ESR, the pan-Asia logistics real estate developer, owner and operator, has raised $1.2 billion in equity for its Japan-focused logistics development vehicle, on the back of a differentiated investment strategy and continuing demand for quality industrial facilities in the country.
The record capital raise includes $575 million raised for the Redwood Japan Logistics Fund 2 (RJLF 2), a commingled discretionary logistics fund launched in early 2016, and the remainder for co-investment vehicles tied to the fund.
The final closing includes an upsize by the German insurer Allianz, taking the investor’s total equity commitment to around $185 million. Allianz had initially approved a $100 million commitment to RJLF 2 in September. Other institutional investors that have backed the fund include Azerbaijan’s state oil fund SOFAZ, which made a $100 million commitment, and an undisclosed Southeast Asian pension fund that committed $200 million. Meanwhile Ping An Real Estate, the real estate investment and asset management platform of the Chinese insurer Ping An, invested $300 million through a co-investment partnership formed in July 2016.
RJLF 2 is over three times the size of its predecessor vehicle, RJLF I that raised around $330 million, including co-investment capital, in 2014. PERE understands that three of ESR’s investors from RJLF I and past projects re-upped in the latest vehicle.
With RJLF 2, ESR is betting on what its executives call a “develop-to-sell” strategy. The fund, which is being invested in logistics development projects in Tokyo, Nagoya and Osaka, will have an intermediate fund life of approximately five years, unlike RJLF I that had a develop-to-core approach and a longer investing period. Investors have also granted ESR the right to recycle the capital from the fund, which means that the firm can buy assets held by RJLF 2 once they have matured.
Explaining the investment strategy, Charles de Portes, ESR’s co-founder and president, told PERE: “This is the first time in Japan that a shorter-term “develop to-sell” (vs “develop-to-hold”) strategy is accessible to smaller LPs via a commingled discretionary fund so they can share profitability of the developments.”
“Several of our competitors are tied up with very large sovereign wealth or pension funds that have opt-out rights, which can make approvals more challenging or time consuming for the GP in terms of moving forward with the development pipeline,” he further added.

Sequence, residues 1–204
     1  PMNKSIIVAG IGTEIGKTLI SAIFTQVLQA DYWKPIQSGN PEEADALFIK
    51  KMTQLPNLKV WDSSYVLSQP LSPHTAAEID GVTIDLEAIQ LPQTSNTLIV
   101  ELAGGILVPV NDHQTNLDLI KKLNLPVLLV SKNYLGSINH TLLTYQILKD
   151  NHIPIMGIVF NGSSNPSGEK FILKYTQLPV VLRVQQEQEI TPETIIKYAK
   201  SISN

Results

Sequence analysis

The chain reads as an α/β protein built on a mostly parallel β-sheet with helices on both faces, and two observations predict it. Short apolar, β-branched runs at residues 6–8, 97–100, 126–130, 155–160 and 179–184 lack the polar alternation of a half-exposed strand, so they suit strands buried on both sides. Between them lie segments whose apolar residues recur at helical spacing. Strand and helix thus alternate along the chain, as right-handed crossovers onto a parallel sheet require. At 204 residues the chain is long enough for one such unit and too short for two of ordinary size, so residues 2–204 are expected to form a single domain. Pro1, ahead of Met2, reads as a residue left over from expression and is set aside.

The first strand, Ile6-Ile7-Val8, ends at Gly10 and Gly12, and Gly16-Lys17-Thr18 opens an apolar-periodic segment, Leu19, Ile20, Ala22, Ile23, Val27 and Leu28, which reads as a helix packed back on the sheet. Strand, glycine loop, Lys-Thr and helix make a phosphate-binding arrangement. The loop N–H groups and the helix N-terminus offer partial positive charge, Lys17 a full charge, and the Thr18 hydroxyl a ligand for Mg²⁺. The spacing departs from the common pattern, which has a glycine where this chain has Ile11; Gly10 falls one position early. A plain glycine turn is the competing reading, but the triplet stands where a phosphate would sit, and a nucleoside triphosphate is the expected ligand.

According to Pierre-Alexandre Humblot, head of private capital at ESR, this strategy also helped in attracting a broader set of investors than those usually associated with investing in Japan logistics.
“Some investors are less enamoured with Japan’s very long term (several decades) investment prospects,” he noted. “But they are discriminate enough to take a view on sector-specific strategies in Japan over the next five to 10 years including focusing on the opportunities created by the undersupply of corporate industrial facilities and continued urbanization in the major cities.”
ESR’s equity haul, its executives say, is in aggregate the largest single commingled fundraise on record for Japan logistics. Indeed, according to PERE data, significant capital has been raised for club vehicles or joint venture partnerships. In 2016 for instance, GLP and Canada Pension Plan Investment Board (CPPIB) GLP and CPPIB formed their second development venture GLP JDV II, which is expected to reach $2 billion by 2019.
ESR has $12 billion in assets under management in Asia-Pacific, and over 10 million square meters of projects owned and under development across China, Japan, Singapore, South Korea and India. For Japan specifically, the firm expects ESR’s combined portfolio of prime logistics properties, stabilized and under development, to grow to over $5 billion in value in the next two years.